Recent events have gotten me thinking about marriage.
To start, my favorite blogger, Heather Armstrong, announced on her blog—dooce.com, a few days ago that she and her husband John are separated. It was a weird thing, reading about something so personal on a blog. I know Armstrong has blogged about many of her different milestones to the world (what has arguably led to her fame as one of the most influential bloggers, ever), but this was my first time reading a milestone as it happened… internet intimacy at its best. Or rather, at its worst.
What struck me most is that unless you know Armstrong personally, you would never be able to tell from reading her blog that something was up. Sure, there are probably devoted readers out there who had an inkling, but most of us regular Joe’s had no idea. Trying to put myself in her shoes for a moment, I think it must have been so hard to continue to blog about daily life, knowing that there’s a big fat, wrinkly elephant in the room that she’s not writing about. Maybe that’s just the blogger in me talking… my heart goes out to Armstrong and her family during this difficult time. The curtain between public and private has once again been flung opened for Armstrong, and I can only hope the support of her readers helps get her through the coming days, as it has in the past.
More on the general idea of being married… it can be a fickle thing, that marriage. On the outside, it looks like all fun and games, but on the inside it’s so much more. Two people merging their lives into one unit… merging their assets, their money, their hearts. As we know from driver’s ed class, where there’s a merger, one party is bound to have to yield to the other.
Sean and I have done pretty well these last four months. There have been ups and downs in figuring out how to live life together (officially), but on the whole, marriage is a happy time for us.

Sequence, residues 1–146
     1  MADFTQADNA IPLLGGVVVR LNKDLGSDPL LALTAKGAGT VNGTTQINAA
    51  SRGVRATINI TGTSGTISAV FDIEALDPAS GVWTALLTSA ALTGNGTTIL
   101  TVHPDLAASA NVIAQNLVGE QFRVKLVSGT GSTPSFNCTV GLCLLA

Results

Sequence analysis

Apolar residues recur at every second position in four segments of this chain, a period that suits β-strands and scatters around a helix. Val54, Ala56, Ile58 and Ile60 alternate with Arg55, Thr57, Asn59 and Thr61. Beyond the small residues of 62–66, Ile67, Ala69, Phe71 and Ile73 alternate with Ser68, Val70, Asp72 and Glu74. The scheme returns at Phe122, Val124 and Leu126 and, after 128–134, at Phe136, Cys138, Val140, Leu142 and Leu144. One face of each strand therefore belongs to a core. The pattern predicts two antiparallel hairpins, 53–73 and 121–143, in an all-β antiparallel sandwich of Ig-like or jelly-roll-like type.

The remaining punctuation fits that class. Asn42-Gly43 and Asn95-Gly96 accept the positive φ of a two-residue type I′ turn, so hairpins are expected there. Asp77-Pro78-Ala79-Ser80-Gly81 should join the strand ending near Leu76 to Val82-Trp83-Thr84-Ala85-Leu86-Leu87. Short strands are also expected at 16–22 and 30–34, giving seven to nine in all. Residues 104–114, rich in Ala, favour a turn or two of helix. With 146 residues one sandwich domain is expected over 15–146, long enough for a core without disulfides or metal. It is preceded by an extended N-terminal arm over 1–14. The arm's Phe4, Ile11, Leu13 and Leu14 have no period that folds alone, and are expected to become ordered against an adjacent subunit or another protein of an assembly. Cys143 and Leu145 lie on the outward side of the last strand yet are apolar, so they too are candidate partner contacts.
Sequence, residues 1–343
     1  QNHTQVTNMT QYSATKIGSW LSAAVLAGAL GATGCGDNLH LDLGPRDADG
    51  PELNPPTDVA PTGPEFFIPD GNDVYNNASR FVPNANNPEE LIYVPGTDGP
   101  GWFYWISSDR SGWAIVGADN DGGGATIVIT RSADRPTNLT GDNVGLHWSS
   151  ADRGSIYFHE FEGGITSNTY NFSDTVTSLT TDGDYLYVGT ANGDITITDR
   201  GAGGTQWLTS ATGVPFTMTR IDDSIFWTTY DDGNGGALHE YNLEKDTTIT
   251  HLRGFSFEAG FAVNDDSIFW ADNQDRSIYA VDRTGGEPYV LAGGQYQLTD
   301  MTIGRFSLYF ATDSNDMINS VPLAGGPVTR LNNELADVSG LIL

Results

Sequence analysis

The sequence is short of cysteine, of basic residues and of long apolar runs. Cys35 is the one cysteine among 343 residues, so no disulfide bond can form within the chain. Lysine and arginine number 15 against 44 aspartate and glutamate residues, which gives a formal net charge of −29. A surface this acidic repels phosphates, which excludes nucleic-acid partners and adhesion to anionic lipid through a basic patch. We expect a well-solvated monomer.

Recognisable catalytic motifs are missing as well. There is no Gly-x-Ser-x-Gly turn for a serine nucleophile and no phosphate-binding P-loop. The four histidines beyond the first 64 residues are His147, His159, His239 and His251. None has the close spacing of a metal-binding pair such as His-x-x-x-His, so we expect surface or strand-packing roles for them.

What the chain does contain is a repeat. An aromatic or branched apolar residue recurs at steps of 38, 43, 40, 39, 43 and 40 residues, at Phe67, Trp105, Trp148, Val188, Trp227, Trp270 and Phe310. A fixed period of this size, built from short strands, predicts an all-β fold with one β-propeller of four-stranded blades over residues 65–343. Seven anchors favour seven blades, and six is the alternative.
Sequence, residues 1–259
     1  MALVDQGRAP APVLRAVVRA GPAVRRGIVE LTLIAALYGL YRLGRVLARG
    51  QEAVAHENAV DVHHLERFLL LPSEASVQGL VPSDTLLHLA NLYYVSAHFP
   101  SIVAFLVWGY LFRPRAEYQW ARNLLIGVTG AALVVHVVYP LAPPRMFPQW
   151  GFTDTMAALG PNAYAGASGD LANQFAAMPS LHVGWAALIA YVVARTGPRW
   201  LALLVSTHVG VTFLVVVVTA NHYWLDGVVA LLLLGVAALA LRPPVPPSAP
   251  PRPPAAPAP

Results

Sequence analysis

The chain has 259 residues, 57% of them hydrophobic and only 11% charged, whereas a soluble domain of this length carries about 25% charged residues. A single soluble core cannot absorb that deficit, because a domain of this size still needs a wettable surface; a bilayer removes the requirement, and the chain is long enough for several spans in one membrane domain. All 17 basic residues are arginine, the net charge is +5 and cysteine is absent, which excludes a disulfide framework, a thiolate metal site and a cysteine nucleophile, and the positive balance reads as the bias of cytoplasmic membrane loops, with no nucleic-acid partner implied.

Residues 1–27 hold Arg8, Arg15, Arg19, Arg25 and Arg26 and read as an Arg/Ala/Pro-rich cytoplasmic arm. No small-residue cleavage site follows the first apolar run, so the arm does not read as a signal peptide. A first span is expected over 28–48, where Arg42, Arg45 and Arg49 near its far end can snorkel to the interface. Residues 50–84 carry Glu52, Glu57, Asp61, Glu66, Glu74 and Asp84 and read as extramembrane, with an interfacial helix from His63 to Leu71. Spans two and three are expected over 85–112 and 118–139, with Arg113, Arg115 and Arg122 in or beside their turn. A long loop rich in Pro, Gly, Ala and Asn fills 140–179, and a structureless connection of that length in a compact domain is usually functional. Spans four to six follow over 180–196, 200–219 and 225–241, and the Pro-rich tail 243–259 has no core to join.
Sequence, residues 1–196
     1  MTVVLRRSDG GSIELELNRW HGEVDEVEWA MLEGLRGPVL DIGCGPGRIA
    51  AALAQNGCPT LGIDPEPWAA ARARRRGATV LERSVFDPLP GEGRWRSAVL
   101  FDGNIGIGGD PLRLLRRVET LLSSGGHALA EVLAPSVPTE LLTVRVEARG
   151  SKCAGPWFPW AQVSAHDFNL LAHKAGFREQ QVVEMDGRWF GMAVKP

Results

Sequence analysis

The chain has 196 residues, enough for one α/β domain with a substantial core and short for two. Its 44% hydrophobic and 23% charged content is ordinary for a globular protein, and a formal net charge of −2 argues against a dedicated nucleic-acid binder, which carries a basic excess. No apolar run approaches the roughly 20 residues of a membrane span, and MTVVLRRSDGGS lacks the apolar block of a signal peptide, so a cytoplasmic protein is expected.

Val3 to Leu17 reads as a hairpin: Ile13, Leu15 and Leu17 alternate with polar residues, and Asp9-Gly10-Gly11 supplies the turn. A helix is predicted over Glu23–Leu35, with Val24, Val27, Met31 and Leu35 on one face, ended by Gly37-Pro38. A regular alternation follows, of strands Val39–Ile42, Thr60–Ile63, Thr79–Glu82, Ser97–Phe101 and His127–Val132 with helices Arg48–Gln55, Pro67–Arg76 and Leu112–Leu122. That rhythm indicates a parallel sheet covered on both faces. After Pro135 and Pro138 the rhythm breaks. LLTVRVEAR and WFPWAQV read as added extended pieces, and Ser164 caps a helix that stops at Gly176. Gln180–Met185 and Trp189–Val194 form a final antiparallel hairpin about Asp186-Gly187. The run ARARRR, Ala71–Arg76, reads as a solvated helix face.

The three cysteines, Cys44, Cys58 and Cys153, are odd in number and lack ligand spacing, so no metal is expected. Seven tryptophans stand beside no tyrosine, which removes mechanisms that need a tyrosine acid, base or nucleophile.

One thing I’ve learned though—even after only four months—is that the yielding part is extremely tricky. Compromises must be reached, and yet one must never lose oneself in the process. Without both parties on the line as their best self, marriage is a moot point. Husband and wife (or whatever combination or repetition of those two words you subscribe to) must stand together, facing out toward the future, walking in sync. When one falters, the other must compensate until the partner regains his/her footing. And yet, if one completely lets go of his or her character along the way, the couple is changed, for better or worse.
In keeping my character in tact, a recent meditation reminded me that for happiness, I need to be doing something I’m good at—something during which my actions cannot be questioned because I’m the authority. For a fleeting moment earlier this week, I thought I’d lost “my thing”. In Madison, I did fashion. I lived it, I breathed it, and I was good at it. People asked me for advice all the time! Once I got to po-dunk central Utah where the camouflage and Carharts run wild, I took one look around and it was clear the fashion path had come to an end (but don’t worry, it still lives a small, slowly expanding life in my closet). It was time for me to find new things to succeed at.
A few bumpy stops later, I found rock climbing and yoga—both of which I’m still learning to master on a daily basis. Of course, Sean encourages me to ski and accompany him on backcountry tours… another sport I’m still mastering. A few nights ago, I was feeling down on myself, thinking it was impossible for me to find another talent, another passion that I’m really, truly natural at. Fashion came easy to me; it just clicked. And my Utah endeavors click, but I’m still a novice in the grand scheme of things.
Then tonight, it dawned on me. I had my own Homer Simpson moment—DOH! (smacks face)
Seriously? Yeah… looks like I just needed a self-pep-talk. I forget sometimes how much I love it, and how good I am at it. Natural, you might say. All it takes is an email or a comment from a reader, or a sweet compliment from my husband and I remember why I blog; its the connections I form with others, and the hope that somehow, someone out there may find inspiration, humor or empathy in the things that I write about. Blogging is “my thing,” here in Utah. I am an authority on my own life, and all I need to do is put a keyboard under my fingertips.
So from marriage to blogging and back again, I’m happy to have remembered my talent that keeps me even keel on my marriage. Blogging is my thing; Sean knows it, and I know it. As long as I’m blogging, I’m keeping hold of my character, my passion and my talent for writing.